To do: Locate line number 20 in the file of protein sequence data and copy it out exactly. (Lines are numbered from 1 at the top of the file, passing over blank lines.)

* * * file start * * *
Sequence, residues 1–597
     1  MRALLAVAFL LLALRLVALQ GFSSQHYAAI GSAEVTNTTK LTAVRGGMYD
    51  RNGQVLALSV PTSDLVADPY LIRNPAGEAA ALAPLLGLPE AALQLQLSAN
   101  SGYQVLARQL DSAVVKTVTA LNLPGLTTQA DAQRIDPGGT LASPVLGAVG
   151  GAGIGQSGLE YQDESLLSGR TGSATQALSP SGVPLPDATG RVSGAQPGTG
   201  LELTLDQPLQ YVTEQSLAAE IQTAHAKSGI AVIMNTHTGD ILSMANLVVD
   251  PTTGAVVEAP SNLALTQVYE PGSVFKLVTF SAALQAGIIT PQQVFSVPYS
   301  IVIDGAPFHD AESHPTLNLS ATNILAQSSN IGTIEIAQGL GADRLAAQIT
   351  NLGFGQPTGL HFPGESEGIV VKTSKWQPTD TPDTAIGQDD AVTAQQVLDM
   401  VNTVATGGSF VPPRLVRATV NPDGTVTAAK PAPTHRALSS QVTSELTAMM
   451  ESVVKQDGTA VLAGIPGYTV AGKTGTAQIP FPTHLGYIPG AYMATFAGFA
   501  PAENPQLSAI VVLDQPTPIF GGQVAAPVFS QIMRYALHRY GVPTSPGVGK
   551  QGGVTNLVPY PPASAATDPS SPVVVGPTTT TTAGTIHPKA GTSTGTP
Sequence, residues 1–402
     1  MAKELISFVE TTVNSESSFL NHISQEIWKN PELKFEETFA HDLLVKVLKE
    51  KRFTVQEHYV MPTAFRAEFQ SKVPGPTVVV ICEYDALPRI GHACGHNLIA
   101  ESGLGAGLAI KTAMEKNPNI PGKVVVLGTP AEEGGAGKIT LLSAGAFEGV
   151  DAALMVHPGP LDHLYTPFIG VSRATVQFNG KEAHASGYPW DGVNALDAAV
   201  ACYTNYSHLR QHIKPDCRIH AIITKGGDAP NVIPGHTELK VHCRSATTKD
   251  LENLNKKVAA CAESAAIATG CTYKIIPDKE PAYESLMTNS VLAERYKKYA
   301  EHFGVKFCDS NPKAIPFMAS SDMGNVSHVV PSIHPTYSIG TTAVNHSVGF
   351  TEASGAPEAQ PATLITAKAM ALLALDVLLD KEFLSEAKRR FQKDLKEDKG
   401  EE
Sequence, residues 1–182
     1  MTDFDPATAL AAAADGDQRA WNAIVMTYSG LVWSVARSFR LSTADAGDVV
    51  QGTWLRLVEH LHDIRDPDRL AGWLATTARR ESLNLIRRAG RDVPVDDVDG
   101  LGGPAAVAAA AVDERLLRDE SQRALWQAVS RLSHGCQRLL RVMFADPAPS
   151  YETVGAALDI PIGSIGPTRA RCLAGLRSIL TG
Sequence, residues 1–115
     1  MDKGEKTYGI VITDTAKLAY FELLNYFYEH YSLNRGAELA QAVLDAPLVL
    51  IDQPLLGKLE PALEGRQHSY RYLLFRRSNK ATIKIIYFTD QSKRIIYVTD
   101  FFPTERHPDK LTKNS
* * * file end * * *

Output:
   251  LENLNKKVAA CAESAAIATG CTYKIIPDKE PAYESLMTNS VLAERYKKYA